Paul Anderson, review of The Far Left in British Politics by John Callaghan (Blackwell, £7.95), Tribune, 18 September 1987
John Callaghan has written an interesting but flawed left critique of one of the longest-running farces in British left politics: Leninism.
Callaghan begins with the sorry tale of British communism. He relates how, almost from its very beginning, the Communist Party of Great Britain was handicapped by its slavish subordination to the Mosrcow line. Until the Popular Front period of the thirties, Comintern dogma rendered it incapable of building a stable membership base; and the moderate successes of the Popular Front were soon dashed by the Hitler-Stalin pact of 1939.
The CP rebuilt itself after 1941 on the back of a revived Popular Frontism based on the wartime alliance of Britain and the Soviet Union; but since 1945 its story has been one of slow, inexorable decline.
With the onset of the Cold War, Stalin tore the party away from the Popular Front tactic; then in 1956 the CP effectively collapsed in the wake of the Nikita Kruschev's "secret speech" at the 20th Soviet party congress and the "socialist" suppression of a workers' revolution in Hungary. After that, the party maintained an influence in some trade unions, but even this waned with the onset of recession in the seventies.
In the very recent past, the "Eurocommunists" around Marxism Today have gone a little way towards transcending the legacy of Leninism; but as Callaghan puts it: "The innovators may simply have become masters of a sinking ship." I can't help but think that I don't care if they have: Marxism Today's revisionism is too tepid to enthuse about. Not that any of the other currents of British Leninism deserve a better fate. The most important and influential of these is Trotskyism — "57 varieties, all unfit for human consumption", as the libertarians said in the sixties.
Callaghan gives a reasonably competent account of the split-ridden origins and history of four of the 57: the Healyites (otherwise known as the Socialist Labour League or Workers' Revolutionary Party, proprietor Gerry Healy); the Cliffites (otherwise known as the International Socialists or Socialist Workers' Party, proprietor Tony Cliff); the Grantites (otherwise known as the Revolutionary Socialist League or Militant, proprietor Ted Grant); and the group that started out as. the International Marxist Group and became the Socialist League (which, unlike the others, doesn't really have a proprietor).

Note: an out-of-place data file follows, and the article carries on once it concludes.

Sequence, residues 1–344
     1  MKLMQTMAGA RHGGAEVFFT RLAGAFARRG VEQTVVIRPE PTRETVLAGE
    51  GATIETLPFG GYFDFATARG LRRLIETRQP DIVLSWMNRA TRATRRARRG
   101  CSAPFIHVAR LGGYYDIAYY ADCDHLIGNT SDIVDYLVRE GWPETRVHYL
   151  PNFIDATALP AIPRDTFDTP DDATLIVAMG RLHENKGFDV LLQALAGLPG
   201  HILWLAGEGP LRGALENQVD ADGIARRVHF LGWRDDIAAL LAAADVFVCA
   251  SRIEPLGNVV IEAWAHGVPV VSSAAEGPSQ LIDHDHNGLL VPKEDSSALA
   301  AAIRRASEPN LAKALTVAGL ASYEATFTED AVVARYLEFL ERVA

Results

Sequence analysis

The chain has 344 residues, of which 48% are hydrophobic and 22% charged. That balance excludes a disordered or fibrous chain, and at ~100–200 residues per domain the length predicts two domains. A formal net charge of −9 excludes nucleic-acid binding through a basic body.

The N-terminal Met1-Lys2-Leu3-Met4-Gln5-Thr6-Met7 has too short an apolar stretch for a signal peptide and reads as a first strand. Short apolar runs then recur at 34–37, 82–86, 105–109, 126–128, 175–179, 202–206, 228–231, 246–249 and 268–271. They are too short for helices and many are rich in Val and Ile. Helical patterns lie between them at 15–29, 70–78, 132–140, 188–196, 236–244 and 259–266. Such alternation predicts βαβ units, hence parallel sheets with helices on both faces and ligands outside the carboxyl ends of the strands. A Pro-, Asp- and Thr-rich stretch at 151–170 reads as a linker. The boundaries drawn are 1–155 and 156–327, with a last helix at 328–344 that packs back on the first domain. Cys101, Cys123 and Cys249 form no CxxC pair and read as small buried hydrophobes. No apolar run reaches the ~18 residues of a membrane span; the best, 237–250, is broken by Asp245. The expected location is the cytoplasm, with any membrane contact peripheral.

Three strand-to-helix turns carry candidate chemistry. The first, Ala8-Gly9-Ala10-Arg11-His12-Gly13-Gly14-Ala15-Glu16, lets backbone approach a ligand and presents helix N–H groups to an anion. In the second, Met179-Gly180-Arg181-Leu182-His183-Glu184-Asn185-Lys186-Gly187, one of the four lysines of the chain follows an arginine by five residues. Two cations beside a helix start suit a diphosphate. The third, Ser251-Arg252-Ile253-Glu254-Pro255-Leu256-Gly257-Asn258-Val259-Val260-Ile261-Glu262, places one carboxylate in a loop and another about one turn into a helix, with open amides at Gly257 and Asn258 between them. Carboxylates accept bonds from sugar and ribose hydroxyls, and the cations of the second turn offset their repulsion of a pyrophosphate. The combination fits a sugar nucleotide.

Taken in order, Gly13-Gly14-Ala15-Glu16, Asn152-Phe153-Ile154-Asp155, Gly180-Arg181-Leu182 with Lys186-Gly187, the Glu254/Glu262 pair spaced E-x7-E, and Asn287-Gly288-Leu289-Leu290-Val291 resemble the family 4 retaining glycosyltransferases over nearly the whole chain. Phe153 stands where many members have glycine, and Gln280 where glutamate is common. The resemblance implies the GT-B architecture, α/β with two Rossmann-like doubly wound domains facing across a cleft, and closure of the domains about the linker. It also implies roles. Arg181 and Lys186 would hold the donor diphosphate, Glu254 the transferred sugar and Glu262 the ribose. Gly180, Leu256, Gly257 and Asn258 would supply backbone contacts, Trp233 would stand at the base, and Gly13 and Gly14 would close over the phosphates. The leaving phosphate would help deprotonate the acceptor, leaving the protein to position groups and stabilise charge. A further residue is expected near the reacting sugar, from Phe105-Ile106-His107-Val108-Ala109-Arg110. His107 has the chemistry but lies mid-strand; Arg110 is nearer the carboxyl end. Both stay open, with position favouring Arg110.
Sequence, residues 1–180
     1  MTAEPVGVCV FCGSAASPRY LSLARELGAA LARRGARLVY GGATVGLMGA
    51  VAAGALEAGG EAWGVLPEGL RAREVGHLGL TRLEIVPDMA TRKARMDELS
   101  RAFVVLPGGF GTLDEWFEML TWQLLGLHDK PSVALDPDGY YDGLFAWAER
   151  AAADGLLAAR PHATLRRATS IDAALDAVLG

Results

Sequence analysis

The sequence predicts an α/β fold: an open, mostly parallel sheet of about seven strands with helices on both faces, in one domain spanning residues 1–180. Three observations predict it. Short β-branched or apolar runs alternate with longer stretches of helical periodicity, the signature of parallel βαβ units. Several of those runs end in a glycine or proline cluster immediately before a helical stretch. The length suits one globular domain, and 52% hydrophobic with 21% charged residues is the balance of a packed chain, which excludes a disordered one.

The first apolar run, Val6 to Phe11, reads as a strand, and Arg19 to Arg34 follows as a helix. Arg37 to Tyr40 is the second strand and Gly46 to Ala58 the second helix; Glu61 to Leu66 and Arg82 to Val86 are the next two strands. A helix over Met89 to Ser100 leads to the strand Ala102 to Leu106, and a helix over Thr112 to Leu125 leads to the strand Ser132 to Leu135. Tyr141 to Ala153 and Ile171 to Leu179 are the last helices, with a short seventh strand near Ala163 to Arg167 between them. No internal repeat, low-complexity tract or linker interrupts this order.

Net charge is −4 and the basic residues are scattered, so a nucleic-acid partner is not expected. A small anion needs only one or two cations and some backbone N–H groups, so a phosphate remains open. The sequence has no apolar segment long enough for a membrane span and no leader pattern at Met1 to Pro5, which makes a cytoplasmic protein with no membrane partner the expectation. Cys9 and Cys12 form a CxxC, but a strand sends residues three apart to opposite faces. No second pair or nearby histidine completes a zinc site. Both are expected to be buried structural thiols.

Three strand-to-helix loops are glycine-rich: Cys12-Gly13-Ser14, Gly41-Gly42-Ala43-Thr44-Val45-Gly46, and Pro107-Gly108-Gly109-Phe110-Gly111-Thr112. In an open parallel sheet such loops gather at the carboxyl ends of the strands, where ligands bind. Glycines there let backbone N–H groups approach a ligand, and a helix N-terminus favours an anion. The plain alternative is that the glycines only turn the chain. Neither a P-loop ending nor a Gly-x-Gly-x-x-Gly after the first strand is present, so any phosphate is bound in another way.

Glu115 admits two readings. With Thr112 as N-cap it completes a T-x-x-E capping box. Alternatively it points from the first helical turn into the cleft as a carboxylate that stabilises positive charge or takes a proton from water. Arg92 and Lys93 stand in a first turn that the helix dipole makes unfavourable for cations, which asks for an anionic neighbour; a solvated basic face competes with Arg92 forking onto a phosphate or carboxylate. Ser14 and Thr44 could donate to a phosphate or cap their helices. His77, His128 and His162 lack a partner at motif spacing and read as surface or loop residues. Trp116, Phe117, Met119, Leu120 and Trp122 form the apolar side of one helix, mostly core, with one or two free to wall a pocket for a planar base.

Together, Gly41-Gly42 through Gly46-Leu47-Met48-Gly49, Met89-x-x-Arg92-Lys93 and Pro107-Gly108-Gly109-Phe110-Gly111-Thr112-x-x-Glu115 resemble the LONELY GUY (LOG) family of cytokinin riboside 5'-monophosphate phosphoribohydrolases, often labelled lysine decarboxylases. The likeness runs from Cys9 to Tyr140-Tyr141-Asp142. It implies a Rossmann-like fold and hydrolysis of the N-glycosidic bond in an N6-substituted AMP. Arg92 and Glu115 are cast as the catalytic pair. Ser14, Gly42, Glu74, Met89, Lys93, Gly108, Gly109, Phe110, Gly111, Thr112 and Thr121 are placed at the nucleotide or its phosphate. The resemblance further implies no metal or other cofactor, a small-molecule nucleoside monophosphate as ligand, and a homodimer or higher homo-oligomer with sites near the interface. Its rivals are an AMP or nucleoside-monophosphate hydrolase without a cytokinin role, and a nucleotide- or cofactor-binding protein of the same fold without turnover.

There are other Trots, of course; and Callaghan really should have said a little more about the Workers' Socialist League (which split from the Healyites in 1974 and which, through Socialist Organiser, had a significant impact on Labour left politics in London and student circles) and the Revolutionary Communist Party (the product of a mid-seventies split in IS, with a peculiarly barmy hyper-activism that seems to be selling well today among disaffected university-educated proto-yuppies).
The near-absence of these two gangs from Callaghan's account, along with his failure to note the continued presence of an influential Healyite entrist presence in the Labour Party (most obviously on the pre-1985 Lambeth Council), makes this book less comprehensive than it could be.
A more serious fault is that Callaghan does not give any evidence of understanding the non-Leninist far Left (local, "alternative", libertarian, feminist, green and anti-militarist) that has initiated many of the fundamental changes that the British left political agenda has seen in the past 30 years.
A trivial illustration of this is that Callaghan describes the libertarian Marxist group Big Flame as "Trotskyist" (which it never was). More important, he ignores the influence of feminism and the gay movement except insofar as they caused ructions in the IMG and SWP (and were condemned by the WRP and Militant). He does little more than gesture towards the ways in which the non-Leninist far left contributed to the peace movement in the sixties and again in the eighties. He has nothing to say about the impact of the new left in the late fifties and early sixties, the alternative press of the sixties and seventies, the squatting movement, or the development of a radical ecological sensibility from the mid-seventies.
It is easy to explain these omissions: the non-Leninist far left is rather more difficult to follow than the Leninist sects simply because of its heterogeneity. To explain is not to excuse, however. The bizarre political turns of the Leninists make sense only when it is recognised that the CP and the 57 varieties were competing with other forms of (no-less-radical) political expression. Callaghan does give hints that he knows this, but hints are not enough. The history of the far left in Britain (and its quite astonishingly deep influence on the left as a whole) remains to be written.